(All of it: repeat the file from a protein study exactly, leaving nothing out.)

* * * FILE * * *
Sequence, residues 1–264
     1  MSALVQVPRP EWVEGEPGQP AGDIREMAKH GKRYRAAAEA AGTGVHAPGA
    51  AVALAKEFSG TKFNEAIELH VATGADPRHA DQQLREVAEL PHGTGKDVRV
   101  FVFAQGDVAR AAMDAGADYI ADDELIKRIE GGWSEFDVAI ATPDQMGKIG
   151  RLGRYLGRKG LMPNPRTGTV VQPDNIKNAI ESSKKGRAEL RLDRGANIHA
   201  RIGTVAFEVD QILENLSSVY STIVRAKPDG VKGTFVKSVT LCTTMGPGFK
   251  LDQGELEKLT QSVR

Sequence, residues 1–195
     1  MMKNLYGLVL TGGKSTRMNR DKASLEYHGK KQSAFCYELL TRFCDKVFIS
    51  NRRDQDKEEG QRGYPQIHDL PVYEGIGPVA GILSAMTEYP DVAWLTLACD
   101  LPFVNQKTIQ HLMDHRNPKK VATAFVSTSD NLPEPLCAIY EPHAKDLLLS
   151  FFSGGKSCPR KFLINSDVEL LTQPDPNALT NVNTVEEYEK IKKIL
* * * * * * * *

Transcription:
Sequence, residues 1–264
     1  MSALVQVPRP EWVEGEPGQP AGDIREMAKH GKRYRAAAEA AGTGVHAPGA
    51  AVALAKEFSG TKFNEAIELH VATGADPRHA DQQLREVAEL PHGTGKDVRV
   101  FVFAQGDVAR AAMDAGADYI ADDELIKRIE GGWSEFDVAI ATPDQMGKIG
   151  RLGRYLGRKG LMPNPRTGTV VQPDNIKNAI ESSKKGRAEL RLDRGANIHA
   201  RIGTVAFEVD QILENLSSVY STIVRAKPDG VKGTFVKSVT LCTTMGPGFK
   251  LDQGELEKLT QSVR

Sequence, residues 1–195
     1  MMKNLYGLVL TGGKSTRMNR DKASLEYHGK KQSAFCYELL TRFCDKVFIS
    51  NRRDQDKEEG QRGYPQIHDL PVYEGIGPVA GILSAMTEYP DVAWLTLACD
   101  LPFVNQKTIQ HLMDHRNPKK VATAFVSTSD NLPEPLCAIY EPHAKDLLLS
   151  FFSGGKSCPR KFLINSDVEL LTQPDPNALT NVNTVEEYEK IKKIL